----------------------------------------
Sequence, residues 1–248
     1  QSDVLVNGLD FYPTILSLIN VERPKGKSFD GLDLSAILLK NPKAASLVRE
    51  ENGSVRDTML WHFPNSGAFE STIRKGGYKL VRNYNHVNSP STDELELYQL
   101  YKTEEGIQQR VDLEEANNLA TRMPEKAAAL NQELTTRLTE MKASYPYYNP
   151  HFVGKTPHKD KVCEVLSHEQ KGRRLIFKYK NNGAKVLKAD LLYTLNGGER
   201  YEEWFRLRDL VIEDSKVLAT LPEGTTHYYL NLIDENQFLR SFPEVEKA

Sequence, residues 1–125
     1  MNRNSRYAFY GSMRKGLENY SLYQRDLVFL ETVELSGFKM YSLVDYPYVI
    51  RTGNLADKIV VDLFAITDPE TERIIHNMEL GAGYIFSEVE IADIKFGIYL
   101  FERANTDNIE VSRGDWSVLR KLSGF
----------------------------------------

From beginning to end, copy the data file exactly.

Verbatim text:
Sequence, residues 1–248
     1  QSDVLVNGLD FYPTILSLIN VERPKGKSFD GLDLSAILLK NPKAASLVRE
    51  ENGSVRDTML WHFPNSGAFE STIRKGGYKL VRNYNHVNSP STDELELYQL
   101  YKTEEGIQQR VDLEEANNLA TRMPEKAAAL NQELTTRLTE MKASYPYYNP
   151  HFVGKTPHKD KVCEVLSHEQ KGRRLIFKYK NNGAKVLKAD LLYTLNGGER
   201  YEEWFRLRDL VIEDSKVLAT LPEGTTHYYL NLIDENQFLR SFPEVEKA

Sequence, residues 1–125
     1  MNRNSRYAFY GSMRKGLENY SLYQRDLVFL ETVELSGFKM YSLVDYPYVI
    51  RTGNLADKIV VDLFAITDPE TERIIHNMEL GAGYIFSEVE IADIKFGIYL
   101  FERANTDNIE VSRGDWSVLR KLSGF